US developers feel pinch as Chinese investors pull back from EB-5 programme that offers green card as a reward
A US programme rewards wealthy immigrants with green cards in exchange for investment in real estate projects, but long-time Chinese interest is waning
A big drop in Chinese applications for a US investor immigration programme is causing pain in sizeable American real estate projects as a source of affordable funding dries up.
The EB-5 Immigrant Investment Programme was created by the US Congress in 1990 to stimulate the economy through job creation and capital investment. Chinese investors have in recent years been the predominant source of capital, supplying as much as 85 to 90 per cent of the US$50 billion put up by global applicants each year.
But the heyday for the Chinese EB-5 market seems to be ending as new applicants appear wary of heightened uncertainties surrounding the programme as well as immigration laws in general under US President Donald Trump. A growing backlog of Chinese applicants has further dampened interest in the programme and led to a significant dip in available capital.
“The US$400 million deals we were doing regularly a couple of years ago now become US$10 million,” Clem Turner, an EB-5 immigration lawyer for New York-based Barst Mukamel & Kliener, said at the 2018 NYC Real Estate Expo last week. “Now a US$20 million deal is considered big as a result of China’s retrogression.”
For Chinese applicants, the programme’s main attraction is not in the investment returns, but the green card. The backlog, which now can take up to 10 years, has made the wait for the status exceptionally long.
Under the programme, a total of 10,000 green cards are available each year, with each applicant required to invest a minimum of US$500,000. This creates a unique problem for China because it is the only country where the number of applicants significantly surpasses the US Citizenship and Immigration Services’ annual green card quota.
The programme was put in the spotlight last summer when Kushner Companies, the real estate firm owned by the family of Jared Kushner, Trump’s son-in-law and senior adviser, marketed one of its New Jersey projects to a group of Chinese investors while promoting its connection to the president.
US prosecutors are investigating the company and its tactics. Although the focus of the inquiry is unclear, it has caused alarm among investors.
Historically, most of the EB-5 funding has gone to the construction of commercial and residential properties in the US. Developers favoured this type of capital because it’s more affordable and has a longer maturity than other available options.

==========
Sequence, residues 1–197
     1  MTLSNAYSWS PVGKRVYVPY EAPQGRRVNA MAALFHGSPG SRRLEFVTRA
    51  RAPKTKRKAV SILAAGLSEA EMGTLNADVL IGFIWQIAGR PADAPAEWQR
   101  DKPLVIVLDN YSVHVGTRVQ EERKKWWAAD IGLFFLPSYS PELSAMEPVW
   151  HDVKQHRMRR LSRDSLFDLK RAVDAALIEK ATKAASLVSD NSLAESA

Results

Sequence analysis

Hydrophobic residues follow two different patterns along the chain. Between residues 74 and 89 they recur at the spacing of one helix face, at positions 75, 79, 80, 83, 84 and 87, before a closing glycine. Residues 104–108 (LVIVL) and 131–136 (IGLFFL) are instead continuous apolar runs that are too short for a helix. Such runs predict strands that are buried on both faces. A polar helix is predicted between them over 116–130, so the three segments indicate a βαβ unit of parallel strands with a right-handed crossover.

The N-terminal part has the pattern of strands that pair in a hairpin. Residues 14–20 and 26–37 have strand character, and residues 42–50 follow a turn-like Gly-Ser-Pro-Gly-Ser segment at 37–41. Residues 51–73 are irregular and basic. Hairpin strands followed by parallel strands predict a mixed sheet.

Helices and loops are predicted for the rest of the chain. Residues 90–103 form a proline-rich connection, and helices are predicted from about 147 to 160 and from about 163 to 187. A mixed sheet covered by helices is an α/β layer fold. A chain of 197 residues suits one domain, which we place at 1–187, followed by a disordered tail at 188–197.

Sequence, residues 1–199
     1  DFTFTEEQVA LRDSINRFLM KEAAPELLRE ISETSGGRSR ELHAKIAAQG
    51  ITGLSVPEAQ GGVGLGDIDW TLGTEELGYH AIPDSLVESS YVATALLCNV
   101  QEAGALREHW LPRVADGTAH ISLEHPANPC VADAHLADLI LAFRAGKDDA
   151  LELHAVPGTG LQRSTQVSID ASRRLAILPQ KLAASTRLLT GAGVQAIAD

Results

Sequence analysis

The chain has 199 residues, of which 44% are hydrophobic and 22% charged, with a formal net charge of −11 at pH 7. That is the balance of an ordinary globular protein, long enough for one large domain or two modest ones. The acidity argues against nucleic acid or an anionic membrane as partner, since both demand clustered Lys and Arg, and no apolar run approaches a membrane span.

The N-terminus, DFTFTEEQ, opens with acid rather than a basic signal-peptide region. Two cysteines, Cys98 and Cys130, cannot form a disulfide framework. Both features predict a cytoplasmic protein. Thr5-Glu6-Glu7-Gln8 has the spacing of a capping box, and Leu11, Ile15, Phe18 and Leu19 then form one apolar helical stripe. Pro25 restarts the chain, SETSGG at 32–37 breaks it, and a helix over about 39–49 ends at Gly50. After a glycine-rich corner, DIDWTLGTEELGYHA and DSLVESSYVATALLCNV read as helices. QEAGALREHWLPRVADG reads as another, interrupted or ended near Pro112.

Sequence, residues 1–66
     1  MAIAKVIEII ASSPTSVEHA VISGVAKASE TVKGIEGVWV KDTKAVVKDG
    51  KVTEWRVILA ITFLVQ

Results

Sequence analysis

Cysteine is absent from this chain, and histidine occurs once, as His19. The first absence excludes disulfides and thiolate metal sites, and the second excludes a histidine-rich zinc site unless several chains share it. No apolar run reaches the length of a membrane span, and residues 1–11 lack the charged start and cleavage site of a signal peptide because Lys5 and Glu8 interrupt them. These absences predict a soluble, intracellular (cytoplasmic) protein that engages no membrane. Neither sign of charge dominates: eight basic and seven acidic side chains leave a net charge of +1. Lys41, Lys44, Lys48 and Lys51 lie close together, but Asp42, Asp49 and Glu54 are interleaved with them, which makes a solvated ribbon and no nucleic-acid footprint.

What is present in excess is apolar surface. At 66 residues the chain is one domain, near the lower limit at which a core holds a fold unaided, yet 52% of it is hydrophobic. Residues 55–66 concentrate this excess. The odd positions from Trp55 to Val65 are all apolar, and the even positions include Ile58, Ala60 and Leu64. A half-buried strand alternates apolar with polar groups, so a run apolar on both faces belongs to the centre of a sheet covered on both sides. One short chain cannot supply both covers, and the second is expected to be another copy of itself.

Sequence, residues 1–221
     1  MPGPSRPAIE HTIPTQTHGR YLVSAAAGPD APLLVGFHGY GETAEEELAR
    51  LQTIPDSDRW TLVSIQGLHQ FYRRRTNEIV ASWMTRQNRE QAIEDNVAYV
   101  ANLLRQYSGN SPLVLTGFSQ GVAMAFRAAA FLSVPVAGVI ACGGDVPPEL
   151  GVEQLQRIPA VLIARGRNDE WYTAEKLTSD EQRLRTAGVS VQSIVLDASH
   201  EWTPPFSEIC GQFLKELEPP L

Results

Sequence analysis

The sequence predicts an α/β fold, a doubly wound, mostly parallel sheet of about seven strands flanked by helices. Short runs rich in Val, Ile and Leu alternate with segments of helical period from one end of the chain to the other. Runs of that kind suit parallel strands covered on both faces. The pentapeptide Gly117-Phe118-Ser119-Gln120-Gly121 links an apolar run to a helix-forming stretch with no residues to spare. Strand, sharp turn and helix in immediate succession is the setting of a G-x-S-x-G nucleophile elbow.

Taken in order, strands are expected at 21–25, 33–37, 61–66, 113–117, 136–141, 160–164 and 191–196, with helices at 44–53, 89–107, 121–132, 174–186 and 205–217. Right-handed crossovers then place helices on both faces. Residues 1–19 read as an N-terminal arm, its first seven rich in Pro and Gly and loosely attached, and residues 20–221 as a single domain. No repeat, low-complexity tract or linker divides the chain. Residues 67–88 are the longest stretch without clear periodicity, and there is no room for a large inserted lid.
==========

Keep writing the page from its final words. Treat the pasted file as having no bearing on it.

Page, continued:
In return, investors receive permanent US resident status as long as each investment creates at least 10 American jobs. Before the current backlog, the wait time from completing the paperwork to becoming a green card holder was typically two years.
In the 2012-13 fiscal year, the programme created about 174,000 jobs with a total investment of US$16.7 billion, according to a 2017 report by the US Department of Commerce.
“This is bad that fewer Chinese are applying because of the backlog. It is hurting the industry, which means it is also hurting US workers,“ said Steve Yale-Loehr, professor of immigration law at Cornell University and an immigration lawyer at the firm Miller Mayer in Ithaca, New York.
In some ways, China is the victim of its own success. As the country becomes wealthier, more people can afford the investor immigration programme that previously had been out of financial reach. A culture that values Western – especially American – education has also fuelled interest in Chinese children attending US schools.
For parents with younger children, the longer wait could turn out to be a plus. Some applicants are trying to time it so their children will reach the right school age when the 10-year wait is over.
“That’s been quite a change in market in China. For wealthy Chinese nationals that put their kids’ education first, they are starting early,” said Michael Fitzpatrick, partner at Chicago-based accounting firm Baker Tilly Virchow Krause.
Outside China, Vietnam and India have added to the uptick in applications, with both countries approaching their own longer waiting periods, people in the industry said.
These bright spots, however, don't quite make up the lost capital from China. Drastic changes aimed at easing the backlog and lending more certainty to the programme are needed to revive the market.
But because of the US political climate, industry participants don’t expect such changes any time soon.
“My best educated prediction is, September 30 (the annual deadline for the program) will come and go with an extension because similar things happened two years ago in an election year,” said Sam Newbold, an immigration lawyer at Barst Mukamel & Kliener.
“I don’t think there will be any comprehensive immigration reform this year. We will expect to see more dialogue especially when more conservative parts of the country flip to be more liberal leaning,” Newbold said.
Even without widespread changes, there are short-term measures that could alleviate the China backlog. Some industry participants said one change would be to count each family as one unit.
For now, the industry is adjusting to a shift to smaller development projects, which in turn means fewer US jobs.
Without meaningful changes in the program, said Yale-Loehr, the immigration lawyer and professor, “it's never going to be the heyday that we saw”.